Ian Atkinson has contributed some pieces about the canal. We hope you enjoy them.
If anyone else has information about the canal, both historical and modern or a story related to it, please contact us.
Robins can become particularly abundant in winter, their numbers swollen by migrants from further north, and there was a puffed-out russet chest every few paces today, feeding in the foliage and cleaning up the breadcrumbs the ducks’ bills couldn’t reach.
Millions of birds arrive in Britain every year to take advantage of our relatively mild weather. The goldeneye is a diving duck that breeds in the high-latitudes and a couple of pairs usually turn up on the canal to feed on fish and crustaceans. With his bold black and white plumage and striking golden eyes, the drake is a handsome specimen.
A few years ago I was walking by Cavendish Dock and watched as a fisherman fought what he thought was a feisty fish but turned out to be a beautiful female goldeneye that had taken his bait. She was a different looking bird altogether, with her lovely rust-coloured head and striking white eyes. Luckily she hadn’t swallowed the hook, which was easily removed and she flew off, shaken bot not stirred.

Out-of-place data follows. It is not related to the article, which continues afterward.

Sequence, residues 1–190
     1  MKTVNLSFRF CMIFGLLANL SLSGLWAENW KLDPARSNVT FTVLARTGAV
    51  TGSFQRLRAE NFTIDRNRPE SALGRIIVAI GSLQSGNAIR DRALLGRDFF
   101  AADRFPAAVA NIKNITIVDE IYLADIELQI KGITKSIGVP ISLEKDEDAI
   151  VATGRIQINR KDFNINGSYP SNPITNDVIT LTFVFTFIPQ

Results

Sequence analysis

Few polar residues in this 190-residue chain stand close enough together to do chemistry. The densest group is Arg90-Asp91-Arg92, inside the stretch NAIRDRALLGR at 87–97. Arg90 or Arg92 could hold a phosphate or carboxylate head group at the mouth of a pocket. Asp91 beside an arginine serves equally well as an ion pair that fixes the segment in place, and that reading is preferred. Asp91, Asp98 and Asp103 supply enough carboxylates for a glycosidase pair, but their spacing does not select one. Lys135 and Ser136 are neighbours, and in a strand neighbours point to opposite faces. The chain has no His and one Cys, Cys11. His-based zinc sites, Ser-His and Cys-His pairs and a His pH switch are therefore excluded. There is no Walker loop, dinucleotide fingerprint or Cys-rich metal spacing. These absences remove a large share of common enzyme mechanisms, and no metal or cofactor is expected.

A walk along the canal often turns up a surprise, and today the sight of three red-legged partridge was a welcome one. The introduction to Britain, from France in 1770, of the red-legged partridge or, ‘the frenchman’, as it became known, was not a popular decision. It was thought that they would displace our native grey partridge, and, more importantly, they tasted bland.
Fieldfare and Redwing are here in abundance now and today a flock of around a hundred foraging birds, mainly redwings, was spread across the first field after the railway bridge. Despite their number they would have been easily missed but for the chacking calls of the fieldfare and the contrasting ‘tseep’ of the redwing.
The fieldfare is a large, robust thrush with eye-catching plumage. About a million arrive here most years and are a treat to watch, especially on a wild and windy day as a flock takes flight from a tree to barge its way to the next food-stop.
The smaller redwing arrives in similar numbers, migrating mainly at night. Their night-time calls can often be heard during the autumn. Together the two species form flocks that range across the countryside to feed, leaving in the spring when it’s safe to go back to their breeding grounds in the far north.
But by far the most exciting thing about today’s walk was the sound of a Cetti’s warbler singing from the depths of a thicket. There are around two-thousand breeding pairs of Cetti’s warbler in the UK but most nest in Norfolk and they are an uncommon occurrence in these parts. I’ve heard a few before, but I still haven’t managed to see one. I tried from every angle and perspective today but to no avail, and eventually had to walk away and let the sound fade in the distance.